Toves: A graphical circuit simulation tool
Toves 0.0.2 (17 June 2013)
Why Toves? I've developed Logisim for over twelve years, but over time I've found some inherent limitations that are deeply embedded in the system but prevent it from maturing to "the next level." Rather than try to find some route to overcoming these several limitations within the current framework, I wanted to build on a replacement system from scratch. Hence this project.
Logisim represents a lot of accumulated work, so naturally replacing it will take a lot of work. Though I've put significant work into what Toves is today, it's not very far. Right now, all Toves can do is allow you to build and simulate a simple circuit out of 2-input AND, OR, and NOT gates. No subcircuits, no multibit wires, not even copy-and-paste or opening a file.
So what can you do with Toves today?
You can try it out, though let me warn you that it's not particularly useful.
(If you want a useful graphical tool for circuit design today,
of course I recommend Logisim.)
You can follow my blog “Of Toves and Pleasing Hacks” and participate in the comments section to help with ideas for designing Toves.
Toves retains many of the major features of Logisim.
- It is free! (Toves is open-source, released under the GNU Public License).)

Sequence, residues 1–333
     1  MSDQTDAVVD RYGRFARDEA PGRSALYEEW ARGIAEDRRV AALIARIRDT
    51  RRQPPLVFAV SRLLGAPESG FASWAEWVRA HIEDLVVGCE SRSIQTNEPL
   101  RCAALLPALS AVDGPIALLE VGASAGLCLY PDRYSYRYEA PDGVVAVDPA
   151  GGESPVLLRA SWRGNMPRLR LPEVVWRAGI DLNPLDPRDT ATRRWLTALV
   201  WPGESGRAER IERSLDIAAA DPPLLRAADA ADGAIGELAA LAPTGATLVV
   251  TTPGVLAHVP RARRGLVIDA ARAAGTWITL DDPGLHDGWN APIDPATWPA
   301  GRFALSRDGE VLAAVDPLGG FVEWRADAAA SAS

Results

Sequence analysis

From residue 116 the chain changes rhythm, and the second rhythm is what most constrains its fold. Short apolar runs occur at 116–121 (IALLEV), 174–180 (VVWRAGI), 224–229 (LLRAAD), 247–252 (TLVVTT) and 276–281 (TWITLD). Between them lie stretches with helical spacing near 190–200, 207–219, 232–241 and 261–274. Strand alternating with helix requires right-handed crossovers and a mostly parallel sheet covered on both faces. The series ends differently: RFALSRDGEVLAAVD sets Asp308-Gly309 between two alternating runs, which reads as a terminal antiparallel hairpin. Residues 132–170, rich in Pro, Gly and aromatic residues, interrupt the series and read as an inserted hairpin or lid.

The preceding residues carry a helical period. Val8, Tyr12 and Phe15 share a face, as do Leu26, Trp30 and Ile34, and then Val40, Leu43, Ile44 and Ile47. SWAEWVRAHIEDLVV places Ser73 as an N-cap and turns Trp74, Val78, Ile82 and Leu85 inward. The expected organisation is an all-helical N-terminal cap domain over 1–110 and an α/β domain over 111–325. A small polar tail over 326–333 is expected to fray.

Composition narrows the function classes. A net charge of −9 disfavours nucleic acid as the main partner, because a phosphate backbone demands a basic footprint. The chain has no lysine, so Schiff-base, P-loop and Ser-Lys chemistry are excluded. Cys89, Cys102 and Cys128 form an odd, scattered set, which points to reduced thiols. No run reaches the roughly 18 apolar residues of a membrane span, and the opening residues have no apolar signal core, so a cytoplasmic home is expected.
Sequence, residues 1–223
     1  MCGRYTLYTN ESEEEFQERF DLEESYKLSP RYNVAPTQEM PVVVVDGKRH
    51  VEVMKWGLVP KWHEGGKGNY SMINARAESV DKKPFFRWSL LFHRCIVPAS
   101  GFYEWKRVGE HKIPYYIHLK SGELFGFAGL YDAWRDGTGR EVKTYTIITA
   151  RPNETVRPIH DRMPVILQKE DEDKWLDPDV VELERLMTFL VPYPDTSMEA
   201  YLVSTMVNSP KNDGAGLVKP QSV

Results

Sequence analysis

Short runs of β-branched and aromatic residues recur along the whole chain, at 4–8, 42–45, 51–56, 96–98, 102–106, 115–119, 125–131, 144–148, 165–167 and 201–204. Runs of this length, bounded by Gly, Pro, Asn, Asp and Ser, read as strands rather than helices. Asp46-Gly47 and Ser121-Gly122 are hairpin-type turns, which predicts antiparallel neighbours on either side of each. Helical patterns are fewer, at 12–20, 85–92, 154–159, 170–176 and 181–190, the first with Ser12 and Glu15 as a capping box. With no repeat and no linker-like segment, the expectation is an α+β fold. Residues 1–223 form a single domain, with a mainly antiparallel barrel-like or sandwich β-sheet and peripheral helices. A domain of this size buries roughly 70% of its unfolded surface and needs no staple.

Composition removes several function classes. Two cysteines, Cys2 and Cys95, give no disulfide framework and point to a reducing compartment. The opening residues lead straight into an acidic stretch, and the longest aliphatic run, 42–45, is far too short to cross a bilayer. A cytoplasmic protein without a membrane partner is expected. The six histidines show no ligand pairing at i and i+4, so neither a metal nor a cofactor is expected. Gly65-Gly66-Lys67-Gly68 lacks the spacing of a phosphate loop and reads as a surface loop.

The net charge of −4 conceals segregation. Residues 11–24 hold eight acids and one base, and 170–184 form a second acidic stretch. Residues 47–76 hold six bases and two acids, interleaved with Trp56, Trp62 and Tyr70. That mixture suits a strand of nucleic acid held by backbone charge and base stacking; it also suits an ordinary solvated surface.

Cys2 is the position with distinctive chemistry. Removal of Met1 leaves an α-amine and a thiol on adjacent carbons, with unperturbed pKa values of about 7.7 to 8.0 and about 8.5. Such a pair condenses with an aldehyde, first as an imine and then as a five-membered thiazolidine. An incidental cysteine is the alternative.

- It runs on most desktop computers, whether they run Linux, MacOS X, or Windows. (It does this by being built using C#/Mono.)
Being cross-platform is important for classes where each student may bring a
distinct computer systems.
- The drawing interface is based on an intuitive toolbar.
Color-coded wires aid in simulating and debugging a circuit.
- The wiring tool draws horizontal and vertical wires, automatically
connecting to components and to other wires. It's very easy to draw
And a few features that I hope eventually will be in Toves,
but which aren't in Logisim:
- Diagonal wires [This is in Toves today: Horizontal/vertical is the default, but alt-drag creates a diagonal wire.]
- Canvas extends infinitely in all directions (rather than having a fixed upper left corner) [This is in Toves today.]
- Z-ordering of components preserved
- Drawing arbitrary shapes like rectangles or lines in a layout
- Modules of varying types - usually a layout (the only Logisim option), but a module might also be a memory, a truth table, or a state machine - and hopefully one day source code (perhaps written in Verilog)
- No delay in sending signals into a subcircuit (Logisim introduced a one-step delay when sending a signal into or out of a subcircuit) [This is in Toves today.]
- Bidirectional connections into subcircuits [This is in Toves today.]
- Eight-valued logic, allowing weakly-driven 1's and 0's - particularly useful for open-collector circuits
- An oscilloscope for viewing how signals change over time
- Components that must be "closed" once the simulation becomes inactive - particularly file and network I/O
- Components that "time out" after a period, like a monoflop.
- Tablet support under iOS and Android.